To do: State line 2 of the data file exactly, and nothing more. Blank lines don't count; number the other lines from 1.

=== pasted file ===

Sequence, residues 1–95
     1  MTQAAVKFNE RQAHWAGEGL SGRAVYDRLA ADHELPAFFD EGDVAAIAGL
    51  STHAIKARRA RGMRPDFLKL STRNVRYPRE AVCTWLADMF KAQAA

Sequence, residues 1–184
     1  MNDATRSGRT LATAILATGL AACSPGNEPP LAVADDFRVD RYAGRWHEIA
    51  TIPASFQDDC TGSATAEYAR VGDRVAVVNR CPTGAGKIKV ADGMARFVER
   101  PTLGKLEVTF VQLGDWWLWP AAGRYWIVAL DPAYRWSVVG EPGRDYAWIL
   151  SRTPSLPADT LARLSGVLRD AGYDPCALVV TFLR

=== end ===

     1  MTQAAVKFNE RQAHWAGEGL SGRAVYDRLA ADHELPAFFD EGDVAAIAGL